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On the Possibility of Observing Negative Shapiro-like Delay Using Michelson–Morley-Type Experiments

High Energy and Cosmic Ray Research Center, University of North Bengal, Siliguri 734013, India
Zel’dovich International Center for Astrophysics, Bashkir State Pedagogical University, 3A, October Revolution Street, Ufa 450008, RB, Russia
Author to whom correspondence should be addressed.
These authors contributed equally to this work.
Universe 2023, 9(6), 263;
Received: 15 April 2023 / Revised: 27 May 2023 / Accepted: 29 May 2023 / Published: 31 May 2023
(This article belongs to the Special Issue Advances in Cosmology and Subatomic Particle Physics)


The possibility of observing negative Shapiro-like gravitational time delay (or time advancement) due to the Earth’s gravity employing interferometric experiments on the Earth’s surface is discussed. It is suggested that such a measurement may be realized in the near future with the help of modern versions of Michelson–Morley-type experiments.

1. Introduction

The pivotal role of the Michelson–Morley (MM) experiment [1,2,3] in the empirical foundations of the special theory of relativity is well known. The null result of this famous experiment in measuring the motion of ether relative to the Earth finally led to the notion of Lorentz symmetry that underlies the relativity theory (both special theory and general theory of relativity) as well as the standard model of particle physics.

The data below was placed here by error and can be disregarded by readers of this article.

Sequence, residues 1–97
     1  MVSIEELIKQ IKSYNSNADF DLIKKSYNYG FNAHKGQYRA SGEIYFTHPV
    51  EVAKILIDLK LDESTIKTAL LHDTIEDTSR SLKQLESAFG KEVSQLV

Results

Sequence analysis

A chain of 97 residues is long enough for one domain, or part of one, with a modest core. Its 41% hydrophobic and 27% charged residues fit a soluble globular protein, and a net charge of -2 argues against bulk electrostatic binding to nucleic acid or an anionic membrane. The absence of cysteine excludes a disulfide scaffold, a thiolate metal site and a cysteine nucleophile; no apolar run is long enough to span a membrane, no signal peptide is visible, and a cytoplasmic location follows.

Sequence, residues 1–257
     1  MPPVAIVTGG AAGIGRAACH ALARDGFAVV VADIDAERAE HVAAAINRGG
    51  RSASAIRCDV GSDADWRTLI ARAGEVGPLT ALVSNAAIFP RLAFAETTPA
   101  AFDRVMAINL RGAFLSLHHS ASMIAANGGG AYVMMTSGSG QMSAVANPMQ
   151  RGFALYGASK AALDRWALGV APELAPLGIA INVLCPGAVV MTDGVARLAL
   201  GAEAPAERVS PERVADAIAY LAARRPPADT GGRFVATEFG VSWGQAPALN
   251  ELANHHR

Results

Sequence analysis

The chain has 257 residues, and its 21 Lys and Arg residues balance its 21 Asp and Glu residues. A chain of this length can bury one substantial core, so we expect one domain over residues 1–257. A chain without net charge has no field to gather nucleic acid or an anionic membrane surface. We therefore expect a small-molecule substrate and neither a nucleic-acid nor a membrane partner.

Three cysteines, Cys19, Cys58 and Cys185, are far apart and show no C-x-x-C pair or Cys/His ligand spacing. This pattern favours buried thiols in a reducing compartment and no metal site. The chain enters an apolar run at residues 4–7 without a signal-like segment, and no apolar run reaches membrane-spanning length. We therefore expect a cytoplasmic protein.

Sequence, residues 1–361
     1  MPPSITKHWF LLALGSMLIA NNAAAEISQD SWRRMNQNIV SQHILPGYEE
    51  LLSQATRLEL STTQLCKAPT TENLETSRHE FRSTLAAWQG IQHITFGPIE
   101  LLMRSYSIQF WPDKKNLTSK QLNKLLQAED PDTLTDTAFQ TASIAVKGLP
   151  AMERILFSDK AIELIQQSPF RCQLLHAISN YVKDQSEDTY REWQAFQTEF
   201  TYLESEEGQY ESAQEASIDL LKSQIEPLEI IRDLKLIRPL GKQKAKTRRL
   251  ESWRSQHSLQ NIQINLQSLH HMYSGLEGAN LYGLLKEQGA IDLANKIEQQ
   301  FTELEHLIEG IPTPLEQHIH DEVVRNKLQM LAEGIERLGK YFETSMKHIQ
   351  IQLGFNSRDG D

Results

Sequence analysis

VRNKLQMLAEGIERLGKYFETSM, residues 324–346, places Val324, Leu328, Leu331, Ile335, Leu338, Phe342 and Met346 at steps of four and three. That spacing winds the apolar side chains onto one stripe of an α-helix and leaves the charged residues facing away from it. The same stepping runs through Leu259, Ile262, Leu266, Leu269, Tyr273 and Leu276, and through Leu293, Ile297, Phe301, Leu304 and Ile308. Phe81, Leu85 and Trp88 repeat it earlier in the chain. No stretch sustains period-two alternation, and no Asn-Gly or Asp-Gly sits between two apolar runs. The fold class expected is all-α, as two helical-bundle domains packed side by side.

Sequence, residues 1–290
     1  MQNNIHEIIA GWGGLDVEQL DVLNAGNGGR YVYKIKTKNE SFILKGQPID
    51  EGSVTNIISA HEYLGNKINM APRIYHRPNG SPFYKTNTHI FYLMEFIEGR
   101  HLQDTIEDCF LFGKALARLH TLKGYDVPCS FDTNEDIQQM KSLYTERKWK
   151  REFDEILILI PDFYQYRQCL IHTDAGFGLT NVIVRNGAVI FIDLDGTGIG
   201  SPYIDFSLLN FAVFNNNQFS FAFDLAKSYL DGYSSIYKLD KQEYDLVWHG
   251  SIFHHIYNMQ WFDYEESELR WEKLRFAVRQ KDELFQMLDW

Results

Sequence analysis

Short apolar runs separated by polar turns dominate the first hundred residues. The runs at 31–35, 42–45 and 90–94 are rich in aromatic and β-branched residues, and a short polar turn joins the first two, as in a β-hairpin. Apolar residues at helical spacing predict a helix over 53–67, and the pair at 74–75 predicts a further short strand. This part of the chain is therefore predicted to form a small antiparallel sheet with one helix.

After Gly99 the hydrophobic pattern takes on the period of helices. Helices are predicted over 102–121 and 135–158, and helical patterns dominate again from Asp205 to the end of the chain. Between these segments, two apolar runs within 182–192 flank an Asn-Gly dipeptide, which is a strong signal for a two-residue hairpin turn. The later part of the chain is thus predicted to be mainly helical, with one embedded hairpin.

In recent years, there has been a resurgence of interest in sensitive tests [4,5,6,7,8,9,10,11] of Lorentz symmetry, which essentially states that the experimental results are independent of the orientation or the boost velocity of the laboratory. This is largely due to the theoretical suggestions according to which Lorentz invariance may not be an exact symmetry of nature at all energies; a minuscule violation of local Lorentz invariance (LLI) has been considered in several efforts to unify known forces and in quantum gravity models such as the string theory, loop quantum gravity, etc.
Among the different experiments for testing LLI, the modern versions of the classic MM experiments are particularly sensitive to such measurements. Essentially, while examining the LLI, the present-generation MM experiments look for any directional anisotropy in the speed of light (c) by comparing the resonant frequency of a microwave or optical rotating cavity with respect to a fixed frequency of reference or to the frequency of a second rotating cavity with an axis of rotation at the right angles with respect to the first one.
The angular frequencies ω of standing electromagnetic waves in resonant cavities of length L are
ω = 2 π m c 2 n L
where m ( 1 , 2 , 3 , . ) denotes the (constant) mode number and n is the index of medium if a medium is present. A violation of Lorentz symmetry may affect the isotropy (or orientation independence) in c [12,13] or even in L [14], n [15] (which are properties of macroscopic matter and are sensitive to Lorentz violation), and consequently lead to an orientation dependence of the resonant frequency. To distinguish the influences of L and n from c on resonant frequencies, dissimilar cavities have been used [11]. To date, no orientation dependence in the resonant frequency has been found from the cavity experiments, implying that up to an accuracy of Δ c θ / c 10 17 , there is isotropy [11,16].